There are a lot of reasons that the members of a church community don’t worship on Sunday morning. I won’t bore you with the well-known list of competing attractions, or talk about the general disillusionment with boring services, sermons, etc. In families, there is also the issue of getting more than one person on the same page about going to church.
However, I wonder if one of the reasons people stop worshiping has little to do with any of the above. Maybe it has to do with their hunch that worship is dangerous. You know what I mean, don’t you? One Sunday you come to a service minding your own business and suddenly God takes you some place you never planned on going. This happened to Libbie Crawford, the Sunday after Easter. She came back from taking communion and suddenly realized she needed to volunteer to take over leadership of the Interfaith Hospitality Network. After five years of extraordinary leadership, Carol Moore is stepping down. The Sunday after Easter, God enlisted a replacement. And now look what Libbie has gotten herself into. In a few months she will be recruiting—sometimes coercing—others to volunteer. Four weeks out of the year she will be spending endless amounts of time at the Comboni Mission, and dealing with an endless number of unexpected developments. The same thing happened to Judy Gardner in worship. About five years ago she decided to get involved with Whiz Kids after a nudge from God during a sermon.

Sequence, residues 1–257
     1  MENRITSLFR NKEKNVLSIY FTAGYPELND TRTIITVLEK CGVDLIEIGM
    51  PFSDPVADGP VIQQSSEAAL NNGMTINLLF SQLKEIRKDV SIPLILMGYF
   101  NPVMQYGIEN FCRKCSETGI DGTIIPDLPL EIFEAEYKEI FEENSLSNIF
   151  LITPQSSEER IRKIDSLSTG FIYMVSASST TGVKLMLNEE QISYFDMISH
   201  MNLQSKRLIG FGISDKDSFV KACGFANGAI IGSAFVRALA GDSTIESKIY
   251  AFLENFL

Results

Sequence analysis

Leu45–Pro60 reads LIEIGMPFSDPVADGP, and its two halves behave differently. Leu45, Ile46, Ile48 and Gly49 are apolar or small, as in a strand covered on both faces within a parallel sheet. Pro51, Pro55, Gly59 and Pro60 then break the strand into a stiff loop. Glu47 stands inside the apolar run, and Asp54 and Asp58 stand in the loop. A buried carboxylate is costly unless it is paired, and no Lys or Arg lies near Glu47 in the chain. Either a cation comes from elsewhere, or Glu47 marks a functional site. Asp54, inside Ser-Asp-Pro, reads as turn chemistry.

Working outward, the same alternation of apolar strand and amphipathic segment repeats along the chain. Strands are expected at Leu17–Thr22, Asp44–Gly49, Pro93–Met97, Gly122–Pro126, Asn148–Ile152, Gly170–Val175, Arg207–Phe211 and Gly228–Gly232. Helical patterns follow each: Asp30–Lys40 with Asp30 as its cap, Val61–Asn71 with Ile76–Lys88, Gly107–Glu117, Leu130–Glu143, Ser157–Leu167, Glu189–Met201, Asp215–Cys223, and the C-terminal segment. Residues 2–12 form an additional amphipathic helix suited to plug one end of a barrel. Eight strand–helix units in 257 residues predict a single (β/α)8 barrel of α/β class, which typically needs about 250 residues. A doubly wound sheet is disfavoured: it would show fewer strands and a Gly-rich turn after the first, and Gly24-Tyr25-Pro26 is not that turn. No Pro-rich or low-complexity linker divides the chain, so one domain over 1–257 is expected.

Over the years countless members have received a call to some form of ministry during a worship service. One way to avoid being unexpectedly enlisted by God is to do something else Sunday morning. If Libbie and Judy had just stayed home on a particular Sunday morning, they could have saved themselves a lot of trouble.
Worship is dangerous because we open ourselves to a Spirit that has a mind of its own. This Spirit not only enlists us for missional activity, but also challenges our cherished assumptions. For example, we come to worship assuming that we have to justify our existence by what we do, and then discover that God doesn’t care. Yes, God is grateful for our faithfulness, but God isn’t a supervisor evaluating our worth based upon our performance. In fact, God has a special concern for those who have messed up badly, and know their need for God. What would it be like to be governed by a God like that? Sounds a little dangerous to me.
Author Annie Dillard once wrote that Sunday morning ushers should be handing out crash helmets and life preservers rather than bulletins. Apparently she thinks that hearing the Word of God, receiving Christ’s body and Blood, and invoking God’s presence is anything but playing it safe.